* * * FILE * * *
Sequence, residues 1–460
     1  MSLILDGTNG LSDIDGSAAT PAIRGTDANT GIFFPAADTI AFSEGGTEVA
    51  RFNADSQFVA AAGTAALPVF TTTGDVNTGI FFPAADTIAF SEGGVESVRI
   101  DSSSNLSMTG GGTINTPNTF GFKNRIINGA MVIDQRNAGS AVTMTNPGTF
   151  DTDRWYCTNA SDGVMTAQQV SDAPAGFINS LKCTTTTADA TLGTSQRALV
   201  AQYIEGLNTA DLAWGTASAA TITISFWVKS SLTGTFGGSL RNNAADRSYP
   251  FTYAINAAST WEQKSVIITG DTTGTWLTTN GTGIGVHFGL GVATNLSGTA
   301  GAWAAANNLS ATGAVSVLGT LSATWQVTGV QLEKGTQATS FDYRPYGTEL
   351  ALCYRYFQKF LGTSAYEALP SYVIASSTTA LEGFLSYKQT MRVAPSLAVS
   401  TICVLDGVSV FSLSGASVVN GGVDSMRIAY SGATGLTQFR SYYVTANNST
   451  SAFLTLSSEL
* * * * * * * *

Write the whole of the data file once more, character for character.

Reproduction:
Sequence, residues 1–460
     1  MSLILDGTNG LSDIDGSAAT PAIRGTDANT GIFFPAADTI AFSEGGTEVA
    51  RFNADSQFVA AAGTAALPVF TTTGDVNTGI FFPAADTIAF SEGGVESVRI
   101  DSSSNLSMTG GGTINTPNTF GFKNRIINGA MVIDQRNAGS AVTMTNPGTF
   151  DTDRWYCTNA SDGVMTAQQV SDAPAGFINS LKCTTTTADA TLGTSQRALV
   201  AQYIEGLNTA DLAWGTASAA TITISFWVKS SLTGTFGGSL RNNAADRSYP
   251  FTYAINAAST WEQKSVIITG DTTGTWLTTN GTGIGVHFGL GVATNLSGTA
   301  GAWAAANNLS ATGAVSVLGT LSATWQVTGV QLEKGTQATS FDYRPYGTEL
   351  ALCYRYFQKF LGTSAYEALP SYVIASSTTA LEGFLSYKQT MRVAPSLAVS
   401  TICVLDGVSV FSLSGASVVN GGVDSMRIAY SGATGLTQFR SYYVTANNST
   451  SAFLTLSSEL